E.U. disputes Islamabad’s claim that Greek authorities were unable to prove the migrants were Pakistani.
Islamabad on Thursday sent back at least 30 undocumented migrants that Athens was trying to repatriate after saying Greece had failed to provide adequate proof that they were Pakistani, a claim later disputed by the E.U.
The migrants landed on a chartered flight at Benazir Bhutto International Airport in Islamabad around midday but officials refused to allow the majority of the passengers to disembark, saying their identities had not been confirmed and they therefore could not be repatriated under a 2010 agreement between the E.U. and Pakistan.
The E.U. later disputed Pakistan’s claim, stating that Islamabad had been provided with a complete list of names and passport numbers of the passengers but had later also sought their ID card numbers, which the E.U. could only provide in 19 of the cases. The plane was sent back to Athens around three hours later, according to airport authorities, with Pakistan placing the number of passengers sent back as 30 and the E.U. putting the figure at 31.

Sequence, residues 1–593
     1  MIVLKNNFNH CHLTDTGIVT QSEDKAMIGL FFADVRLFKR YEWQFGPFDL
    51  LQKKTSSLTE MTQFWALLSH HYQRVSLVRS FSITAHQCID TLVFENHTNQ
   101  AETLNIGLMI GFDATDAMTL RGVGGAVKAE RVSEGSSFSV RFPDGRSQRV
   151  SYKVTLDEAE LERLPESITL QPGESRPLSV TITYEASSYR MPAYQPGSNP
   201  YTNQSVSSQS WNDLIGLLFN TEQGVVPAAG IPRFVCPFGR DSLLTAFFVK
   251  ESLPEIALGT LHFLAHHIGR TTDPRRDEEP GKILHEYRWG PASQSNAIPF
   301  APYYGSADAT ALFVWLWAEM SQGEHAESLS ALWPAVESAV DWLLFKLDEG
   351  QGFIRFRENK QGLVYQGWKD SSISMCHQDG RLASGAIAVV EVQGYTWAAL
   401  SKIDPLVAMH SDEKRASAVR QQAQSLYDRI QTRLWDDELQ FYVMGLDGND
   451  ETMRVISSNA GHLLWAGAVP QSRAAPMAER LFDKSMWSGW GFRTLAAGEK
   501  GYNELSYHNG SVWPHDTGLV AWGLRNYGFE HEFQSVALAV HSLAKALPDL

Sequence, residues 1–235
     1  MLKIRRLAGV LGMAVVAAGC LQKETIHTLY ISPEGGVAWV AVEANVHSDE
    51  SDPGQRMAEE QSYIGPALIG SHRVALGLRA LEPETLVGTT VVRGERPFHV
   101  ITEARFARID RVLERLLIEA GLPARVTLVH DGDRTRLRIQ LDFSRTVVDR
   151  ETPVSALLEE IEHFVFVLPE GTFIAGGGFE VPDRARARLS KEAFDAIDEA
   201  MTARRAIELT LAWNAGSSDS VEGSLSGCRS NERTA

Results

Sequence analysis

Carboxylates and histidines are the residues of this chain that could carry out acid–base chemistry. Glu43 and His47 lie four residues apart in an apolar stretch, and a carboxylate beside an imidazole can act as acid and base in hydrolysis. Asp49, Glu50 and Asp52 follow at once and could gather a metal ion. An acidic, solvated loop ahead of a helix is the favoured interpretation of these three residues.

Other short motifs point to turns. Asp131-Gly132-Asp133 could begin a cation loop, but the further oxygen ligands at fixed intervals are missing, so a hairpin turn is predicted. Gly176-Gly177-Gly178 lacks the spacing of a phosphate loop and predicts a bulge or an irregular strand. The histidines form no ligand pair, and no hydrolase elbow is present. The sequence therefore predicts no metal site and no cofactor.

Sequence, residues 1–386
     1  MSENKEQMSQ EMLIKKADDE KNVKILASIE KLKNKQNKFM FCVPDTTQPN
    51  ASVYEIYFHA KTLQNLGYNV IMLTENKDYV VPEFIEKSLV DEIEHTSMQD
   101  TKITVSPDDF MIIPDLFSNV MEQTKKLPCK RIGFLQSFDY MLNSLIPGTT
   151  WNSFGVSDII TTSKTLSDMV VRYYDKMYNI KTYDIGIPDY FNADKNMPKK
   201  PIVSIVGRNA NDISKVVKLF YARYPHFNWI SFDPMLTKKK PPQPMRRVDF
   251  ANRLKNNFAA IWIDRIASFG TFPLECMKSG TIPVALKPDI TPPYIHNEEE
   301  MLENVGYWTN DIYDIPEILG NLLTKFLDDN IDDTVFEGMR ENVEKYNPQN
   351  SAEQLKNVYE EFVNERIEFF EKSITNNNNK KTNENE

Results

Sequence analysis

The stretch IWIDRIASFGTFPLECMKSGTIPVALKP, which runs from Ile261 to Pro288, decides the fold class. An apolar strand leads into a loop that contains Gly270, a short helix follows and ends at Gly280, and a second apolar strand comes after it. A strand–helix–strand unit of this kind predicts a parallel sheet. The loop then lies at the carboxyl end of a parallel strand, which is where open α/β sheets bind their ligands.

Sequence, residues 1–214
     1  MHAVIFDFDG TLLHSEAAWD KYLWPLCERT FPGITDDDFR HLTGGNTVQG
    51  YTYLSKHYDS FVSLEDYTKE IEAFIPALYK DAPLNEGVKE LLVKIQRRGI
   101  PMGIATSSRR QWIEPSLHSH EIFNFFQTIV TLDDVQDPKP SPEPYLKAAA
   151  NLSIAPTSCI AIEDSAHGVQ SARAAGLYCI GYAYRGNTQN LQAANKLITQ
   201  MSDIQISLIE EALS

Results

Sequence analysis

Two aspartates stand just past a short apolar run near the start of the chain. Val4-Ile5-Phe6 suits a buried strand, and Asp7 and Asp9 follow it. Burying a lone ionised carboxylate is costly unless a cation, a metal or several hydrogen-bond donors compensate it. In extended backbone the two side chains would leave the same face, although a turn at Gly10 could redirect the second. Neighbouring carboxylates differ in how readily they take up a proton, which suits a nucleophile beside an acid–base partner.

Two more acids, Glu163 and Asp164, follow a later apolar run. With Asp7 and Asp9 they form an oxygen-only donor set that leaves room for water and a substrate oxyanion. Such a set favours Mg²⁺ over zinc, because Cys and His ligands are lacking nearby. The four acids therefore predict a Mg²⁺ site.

Islamabad had temporarily suspended its agreement with the E.U. to accept the repatriation of illegal Pakistani migrants citing its “blatant misuse,” saying member countries were not adequately checking the nationality of the deportees. The deal was restored last week following a meeting between Pakistani officials and E.U. migration chief Dimitris Avramopoulos.
Pakistani authorities complained that Thursday’s flight failed to adhere to the terms of the agreement. “Thirty unverified deportees arrived at Islamabad from Greece via a chartered plane. On the instructions of the interior minister, the Federal Investigation Agency (FIA) stopped these illegally sent people including the crew of the plane to disembark,” Interior Minister Chaudhry Nisar Ali Khan said in a statement.
He added: “Any deportee with the unverified documents will be sent back on the same flight to the country he would arrive [from]. A European country has violated the Pakistani laws even after all matters were settled down with the commissioner of the European Union, it will not be allowed.”
The E.U. denied violating the terms of the deal, saying in a statement that ID card numbers was not part of the agreement. “It was hoped that the Pakistani authorities verify the [ID card] numbers of the illegal migrants who received travel documents from the Pakistani Embassies. Obviously E.U. member states do not have access to this internal information—only Pakistan has,” a statement said.
Pakistan, the sixth most populous country in the world, is one of the top five countries of origin for illegal migration to Europe, according to figures from the European statistical institute Eurostat.